Kosher Cheese Comes of Age
by George E. Johnson
When Brent Delman was growing up in Cleveland, his culturally Jewish family, like their Eastern European forebears, ate lots of soft, fresh cheese—cream cheese, sour cream, cottage cheese—without worrying much about whether it was kosher. After all, cheese is just curdled milk, and as long as it’s not eaten with meat, what could be treif about it?
In some cases, it is that simple—at least for the soft cheeses common to traditional Eastern European cuisines. As long as the other ingredients (the bacteria cultures, acid and salt) are kosher and the cheese is prepared using sterilized equipment, these cheeses are considered kosher (and many carry kosher certification).
But as Delman—a specialty foods supplier—learned when he went into business making and selling kosher cheese as The Cheese Guy in 2008, hard cheeses such as gouda, cheddar and blue cheese are another story. “It’s all about the rennet,” Delman says. Historically, rennet —a complex of enzymes found in the lining of a calf’s stomach—was required to coagulate milk and ripen it into hard cheese.
The problem with rennet is not, as you are probably thinking, mixing milk and meat. The rabbis long ago ruled that the amount of animal enzyme required in cheese-making is too miniscule for that. No, the problem was that hard cheese was made by non-Jews. Going back to Talmudic times, the rabbis feared that the rennet enzyme they added to the milk might come from a non-kosher animal or an animal that was not properly ritually slaughtered, or that the cheese might be otherwise contaminated. As a result, they prohibited cheese made by a non-Jew, which they called gevinat akum (literally: “cheese of star worshippers”). To ensure that non-kosher ingredients were not used, a rabbi was required to add the rennet and supervise production of the cheese, in effect making it “Jewish cheese,” as it has been called for centuries.
Although generally this meant that Jews simply did not eat hard cheese, there was one notable exception. In his commentary on the Talmud, the medieval scholar Rabbenu Tam records that the Jews of 12th-century Narbonne, in southern France, did in fact eat gevinat akum, hard cheese made by non-Jews. Why? Because it was made not from animal rennet, but from plant enzymes. Nevertheless, the legal codes of Maimonides in the 12th century and Joseph Karo in the 16th—not Rabbenu Tam—carried the day in the Jewish religious world. To this day, most Orthodox Jews follow legal codes that basically outlaw cheese made by non-Jews, even if the cheese is made using non-animal enzymes.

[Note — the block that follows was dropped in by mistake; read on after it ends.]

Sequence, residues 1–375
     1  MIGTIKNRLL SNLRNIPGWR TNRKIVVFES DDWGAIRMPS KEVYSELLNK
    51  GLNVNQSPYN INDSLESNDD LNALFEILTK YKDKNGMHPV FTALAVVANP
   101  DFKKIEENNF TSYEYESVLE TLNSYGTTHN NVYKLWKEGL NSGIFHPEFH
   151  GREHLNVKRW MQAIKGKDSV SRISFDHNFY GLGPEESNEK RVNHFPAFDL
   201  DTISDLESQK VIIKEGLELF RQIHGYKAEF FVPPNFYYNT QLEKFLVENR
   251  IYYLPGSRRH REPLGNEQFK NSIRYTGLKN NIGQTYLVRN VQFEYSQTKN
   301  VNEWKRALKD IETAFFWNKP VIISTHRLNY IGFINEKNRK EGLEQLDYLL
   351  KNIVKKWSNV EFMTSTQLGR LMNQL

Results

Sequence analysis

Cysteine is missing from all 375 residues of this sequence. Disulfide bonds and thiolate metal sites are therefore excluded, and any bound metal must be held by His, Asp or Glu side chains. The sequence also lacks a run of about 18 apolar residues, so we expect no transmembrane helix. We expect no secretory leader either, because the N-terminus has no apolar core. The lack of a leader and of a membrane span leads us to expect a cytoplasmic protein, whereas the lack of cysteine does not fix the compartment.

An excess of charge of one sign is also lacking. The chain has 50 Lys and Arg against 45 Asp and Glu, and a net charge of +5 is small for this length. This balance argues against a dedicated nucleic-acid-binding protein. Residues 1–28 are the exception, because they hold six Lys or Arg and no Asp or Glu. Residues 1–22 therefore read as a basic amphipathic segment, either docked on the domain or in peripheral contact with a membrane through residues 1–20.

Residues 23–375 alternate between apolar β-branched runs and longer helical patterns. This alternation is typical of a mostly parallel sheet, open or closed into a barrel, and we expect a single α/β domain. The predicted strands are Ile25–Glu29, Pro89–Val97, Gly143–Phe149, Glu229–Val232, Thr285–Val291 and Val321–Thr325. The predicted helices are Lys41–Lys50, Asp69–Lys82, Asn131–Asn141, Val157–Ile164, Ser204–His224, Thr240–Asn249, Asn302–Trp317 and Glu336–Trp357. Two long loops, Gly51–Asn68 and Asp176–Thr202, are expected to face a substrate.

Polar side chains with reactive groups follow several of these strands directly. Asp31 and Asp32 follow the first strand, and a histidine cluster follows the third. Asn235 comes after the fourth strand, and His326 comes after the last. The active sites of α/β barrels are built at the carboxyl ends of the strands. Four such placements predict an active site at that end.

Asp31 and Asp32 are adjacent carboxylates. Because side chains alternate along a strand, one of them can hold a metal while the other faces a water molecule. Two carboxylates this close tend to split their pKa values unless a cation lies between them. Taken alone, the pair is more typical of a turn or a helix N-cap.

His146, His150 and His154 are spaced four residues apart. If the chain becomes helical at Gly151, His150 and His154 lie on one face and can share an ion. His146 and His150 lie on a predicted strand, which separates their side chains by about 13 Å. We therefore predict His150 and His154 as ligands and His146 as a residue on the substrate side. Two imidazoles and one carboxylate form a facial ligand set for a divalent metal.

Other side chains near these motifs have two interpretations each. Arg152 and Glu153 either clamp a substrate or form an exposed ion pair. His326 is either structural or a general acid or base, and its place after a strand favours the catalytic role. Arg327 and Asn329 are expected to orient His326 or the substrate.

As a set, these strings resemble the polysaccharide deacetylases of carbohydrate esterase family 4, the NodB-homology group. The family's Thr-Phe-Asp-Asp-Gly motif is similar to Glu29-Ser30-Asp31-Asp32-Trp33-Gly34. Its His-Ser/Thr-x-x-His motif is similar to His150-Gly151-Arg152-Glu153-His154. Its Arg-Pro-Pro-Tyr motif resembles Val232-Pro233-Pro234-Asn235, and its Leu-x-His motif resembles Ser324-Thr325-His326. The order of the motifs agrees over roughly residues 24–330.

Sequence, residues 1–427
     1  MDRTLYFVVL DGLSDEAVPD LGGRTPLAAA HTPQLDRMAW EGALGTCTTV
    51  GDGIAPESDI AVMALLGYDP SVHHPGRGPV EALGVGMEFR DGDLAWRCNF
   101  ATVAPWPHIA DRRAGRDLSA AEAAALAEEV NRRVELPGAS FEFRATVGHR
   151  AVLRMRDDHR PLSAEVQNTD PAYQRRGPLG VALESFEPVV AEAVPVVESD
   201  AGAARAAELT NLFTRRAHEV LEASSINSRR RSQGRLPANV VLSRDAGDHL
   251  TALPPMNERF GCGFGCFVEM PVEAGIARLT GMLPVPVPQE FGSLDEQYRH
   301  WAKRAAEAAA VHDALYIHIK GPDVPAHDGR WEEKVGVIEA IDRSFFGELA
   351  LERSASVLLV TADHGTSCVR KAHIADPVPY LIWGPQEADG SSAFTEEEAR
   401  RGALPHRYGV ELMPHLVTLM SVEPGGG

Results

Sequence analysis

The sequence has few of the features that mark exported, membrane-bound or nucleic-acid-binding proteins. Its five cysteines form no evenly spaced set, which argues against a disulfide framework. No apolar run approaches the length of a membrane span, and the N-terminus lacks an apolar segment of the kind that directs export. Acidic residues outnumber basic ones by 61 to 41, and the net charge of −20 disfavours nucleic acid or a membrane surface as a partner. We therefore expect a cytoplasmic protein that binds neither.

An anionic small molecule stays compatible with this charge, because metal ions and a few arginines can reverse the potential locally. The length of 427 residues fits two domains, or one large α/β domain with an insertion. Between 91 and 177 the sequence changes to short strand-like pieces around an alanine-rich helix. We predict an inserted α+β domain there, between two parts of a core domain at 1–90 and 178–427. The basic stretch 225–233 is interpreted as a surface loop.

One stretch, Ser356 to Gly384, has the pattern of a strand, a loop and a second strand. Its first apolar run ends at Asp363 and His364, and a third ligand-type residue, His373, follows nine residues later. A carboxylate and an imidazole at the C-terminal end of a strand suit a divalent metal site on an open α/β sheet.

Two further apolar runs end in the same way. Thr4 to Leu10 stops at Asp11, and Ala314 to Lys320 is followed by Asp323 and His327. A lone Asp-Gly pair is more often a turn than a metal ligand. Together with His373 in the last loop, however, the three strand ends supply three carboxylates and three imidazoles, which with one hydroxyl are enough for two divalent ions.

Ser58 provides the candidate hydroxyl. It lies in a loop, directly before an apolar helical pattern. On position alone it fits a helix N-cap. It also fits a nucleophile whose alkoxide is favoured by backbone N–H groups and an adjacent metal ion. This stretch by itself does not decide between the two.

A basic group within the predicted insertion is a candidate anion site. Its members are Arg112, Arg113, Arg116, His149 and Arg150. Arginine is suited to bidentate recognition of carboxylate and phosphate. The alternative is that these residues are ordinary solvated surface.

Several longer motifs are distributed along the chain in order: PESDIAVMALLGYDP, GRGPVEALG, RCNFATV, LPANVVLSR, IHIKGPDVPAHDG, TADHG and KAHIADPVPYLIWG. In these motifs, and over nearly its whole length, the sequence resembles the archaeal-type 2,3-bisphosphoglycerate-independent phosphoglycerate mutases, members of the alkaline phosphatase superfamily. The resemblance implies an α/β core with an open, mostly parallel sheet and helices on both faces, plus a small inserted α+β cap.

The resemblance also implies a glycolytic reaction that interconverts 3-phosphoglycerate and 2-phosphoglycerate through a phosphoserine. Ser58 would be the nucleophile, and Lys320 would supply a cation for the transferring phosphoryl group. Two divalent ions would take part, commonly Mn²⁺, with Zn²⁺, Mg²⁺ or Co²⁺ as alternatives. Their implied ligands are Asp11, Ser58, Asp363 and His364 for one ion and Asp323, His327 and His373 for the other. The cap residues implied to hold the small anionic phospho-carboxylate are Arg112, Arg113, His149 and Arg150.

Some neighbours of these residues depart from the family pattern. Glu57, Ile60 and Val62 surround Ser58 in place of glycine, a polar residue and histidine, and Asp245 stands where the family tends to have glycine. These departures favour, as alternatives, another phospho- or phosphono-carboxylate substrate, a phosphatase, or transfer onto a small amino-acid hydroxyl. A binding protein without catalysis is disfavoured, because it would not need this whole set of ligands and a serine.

Of course, there’s more than one opinion on the matter. Because all hard cheese made in the United States is produced using microbial or plant enzymes, some argue it’s a non-issue. Many Jews who pay attention to kashrut—for example, the rabbis of the Conservative Rabbinical Assembly—believe that if the hard cheese is made from these rennet substitutes, the problem of eating “non-Jewish cheese” simply goes away. Even some kashrut agencies run by Orthodox rabbis (for example, Tablet-K and K-ORC) certify hard cheese made by non-Jews using microbial or plant enzymes without requiring a rabbi to add the rennet, so long as the ingredients and the facilities are kosher.
But the strictures against “non-Jewish” hard cheese have shaped the Jewish diet. According to the late food historian and rabbi Gil Marks, historically, “all the Jewish cheeses in northern Europe were the curd type.” For centuries, he notes, “many eastern European meals consisted solely of potatoes or black bread and curd cheese.” Think cottage cheese blintzes, latkes (originally made from curd cheese, according to Marks), borsht with sour cream—all the foods that kept Tevye the Dairyman in business.
American Jews, coming mainly from Northern and Eastern Europe in the 19th and early 20th centuries, brought their cheese-eating habits with them. And eventually, they wanted to eat hard cheese, too. Although consumption of kosher hard cheese has been growing for some time, until about a decade ago, there was no real appreciation for good cheese in the American kosher market, according to Y. Levy of Kosher Today, a publication of the kosher food industry.